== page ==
Role of minerals intake in lung cancer

1 Sep 2010

By Dr Sharan Sharma

Lung cancer is the leading cause of cancer mortality worldwide. Despite huge progress in the diagnosis and treatment of lung cancer, the 5-year survival rate for the disease is still about 15%. Although cigarette smoking remains a leading cause of lung cancer there are many other causes which are not well established yet. For example only a fraction of smokers develop lung cancer and a lot of lung cancers occur in people who have never smoked. Researchers have long suspected that diet be connected with this.

In the current issue of Cancer Epidemiology, Biomarkers and Prevention, researchers from National Cancer Institute, USA used data from the NIH-American Association of Retired Persons Diet and Health study of 482,875 subjects (288,257 men and 194,618 women) who were cancer-free and completed a food frequency questionnaire at enrolment between 1995 and 2003. They then used Cox proportional hazards models to estimate the relative risk adjusted for potential confounders.

During the mean follow-up of 7 years, from 1995 to 2003, a total of 7,052 lung cancer cases were identified (4,520 in men and 2,532 in women). Of the 7,052 lung cancer cases, 2,579 (37%) were adenocarcinomas, 1,246 (18%) were squamous cell carcinomas, 953 (14%) were small cell carcinomas, and 400 (6%) were undifferentiated carcinomas. The mean total (diet + supplement) intake was as follows: Ca, 1,002 mg/d; Mg, 374 mg/d; Fe, 24 mg/d; Cu, 2.32 mg/d; Se, 102 mg/d; women, 89 mg/d); and Zn, 17.7 mg/d.

For all subjects, researchers observed no significant associations between total Ca, Mg, Fe, Cu, Se, and Zn intakes and lung cancer risk. Total Ca intake was protective (P trend < 0.05) for current smokers and subjects with adenocarcinomas. Total Mg intake increased risk (P trend < 0.05) in men and current smokers. Total Fe intake was inversely associated with risk in women (P trend < 0.01). For dietary minerals, Mg increased risk (P trend < 0.05) in all subjects, among men and current smokers. Increased dietary Ca intake reduced risk in women (P trend = 0.05). Dietary Fe decreased risk in all subjects and among women (P trend < 0.05). Mineral intake from supplements was not shown to affect lung cancer risk.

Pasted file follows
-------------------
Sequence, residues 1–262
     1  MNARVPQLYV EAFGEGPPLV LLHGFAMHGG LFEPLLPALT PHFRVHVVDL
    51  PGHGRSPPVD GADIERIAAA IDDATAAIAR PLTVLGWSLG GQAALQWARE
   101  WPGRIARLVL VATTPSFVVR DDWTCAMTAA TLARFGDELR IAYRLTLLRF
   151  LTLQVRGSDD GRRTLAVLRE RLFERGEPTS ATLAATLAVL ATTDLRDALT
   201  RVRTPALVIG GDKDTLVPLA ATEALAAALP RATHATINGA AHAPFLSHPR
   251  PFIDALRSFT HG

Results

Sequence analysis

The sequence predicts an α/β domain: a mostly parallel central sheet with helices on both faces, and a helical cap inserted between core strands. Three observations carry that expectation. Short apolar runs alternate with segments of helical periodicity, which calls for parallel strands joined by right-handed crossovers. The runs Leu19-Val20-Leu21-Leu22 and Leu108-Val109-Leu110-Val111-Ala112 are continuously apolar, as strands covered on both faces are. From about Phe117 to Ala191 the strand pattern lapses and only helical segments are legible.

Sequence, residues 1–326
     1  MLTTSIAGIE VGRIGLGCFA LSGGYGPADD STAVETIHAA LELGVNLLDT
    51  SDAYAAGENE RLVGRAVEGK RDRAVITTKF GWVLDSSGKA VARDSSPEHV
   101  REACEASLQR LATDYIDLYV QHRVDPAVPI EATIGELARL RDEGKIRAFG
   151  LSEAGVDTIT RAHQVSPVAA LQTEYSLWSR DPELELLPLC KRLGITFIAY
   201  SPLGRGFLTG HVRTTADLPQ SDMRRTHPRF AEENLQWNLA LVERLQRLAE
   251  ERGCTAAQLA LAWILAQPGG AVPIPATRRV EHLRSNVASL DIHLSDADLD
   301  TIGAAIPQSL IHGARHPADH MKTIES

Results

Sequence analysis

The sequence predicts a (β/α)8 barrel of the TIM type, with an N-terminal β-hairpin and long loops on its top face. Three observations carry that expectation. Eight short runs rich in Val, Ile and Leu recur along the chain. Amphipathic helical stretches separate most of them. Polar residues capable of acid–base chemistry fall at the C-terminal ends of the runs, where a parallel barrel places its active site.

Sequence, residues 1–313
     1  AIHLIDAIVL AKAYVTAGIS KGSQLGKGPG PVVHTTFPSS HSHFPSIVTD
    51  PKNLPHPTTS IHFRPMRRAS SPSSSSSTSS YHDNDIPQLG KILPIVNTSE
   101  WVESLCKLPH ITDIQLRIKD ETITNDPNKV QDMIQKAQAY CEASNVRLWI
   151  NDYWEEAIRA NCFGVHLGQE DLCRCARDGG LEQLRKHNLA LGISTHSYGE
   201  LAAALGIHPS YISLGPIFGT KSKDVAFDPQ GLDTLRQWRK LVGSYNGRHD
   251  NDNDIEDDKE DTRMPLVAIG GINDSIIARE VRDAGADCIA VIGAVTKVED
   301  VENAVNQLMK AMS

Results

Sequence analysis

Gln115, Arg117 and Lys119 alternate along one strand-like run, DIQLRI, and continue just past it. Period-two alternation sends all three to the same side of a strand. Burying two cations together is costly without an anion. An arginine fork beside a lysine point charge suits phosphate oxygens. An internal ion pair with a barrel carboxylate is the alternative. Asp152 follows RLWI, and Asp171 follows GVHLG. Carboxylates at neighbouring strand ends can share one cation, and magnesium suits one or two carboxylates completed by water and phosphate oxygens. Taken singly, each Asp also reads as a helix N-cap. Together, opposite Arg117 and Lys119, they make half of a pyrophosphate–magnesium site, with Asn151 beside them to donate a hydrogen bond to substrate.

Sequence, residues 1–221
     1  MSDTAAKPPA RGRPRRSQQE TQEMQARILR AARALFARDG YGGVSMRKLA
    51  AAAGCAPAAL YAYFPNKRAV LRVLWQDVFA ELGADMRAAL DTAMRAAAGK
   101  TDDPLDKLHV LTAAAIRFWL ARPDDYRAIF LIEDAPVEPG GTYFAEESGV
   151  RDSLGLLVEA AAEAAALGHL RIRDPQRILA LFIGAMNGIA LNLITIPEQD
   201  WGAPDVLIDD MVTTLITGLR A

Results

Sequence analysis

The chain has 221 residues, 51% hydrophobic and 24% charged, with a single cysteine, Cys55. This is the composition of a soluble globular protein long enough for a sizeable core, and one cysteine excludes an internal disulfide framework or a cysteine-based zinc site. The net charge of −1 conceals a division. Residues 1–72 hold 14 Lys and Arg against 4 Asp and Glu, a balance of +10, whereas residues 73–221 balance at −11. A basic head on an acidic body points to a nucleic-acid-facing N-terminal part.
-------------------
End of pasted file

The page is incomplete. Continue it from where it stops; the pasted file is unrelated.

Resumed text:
Citing their results the authors note that dietary mineral influences lung cancer risk but the influence depends on the types of mineral and patient subtypes. They think their study needs validation particularly because of the unexpected result that Mg increases lung cancer risk when several studies in the past have established Mg as a cancer protecting mineral.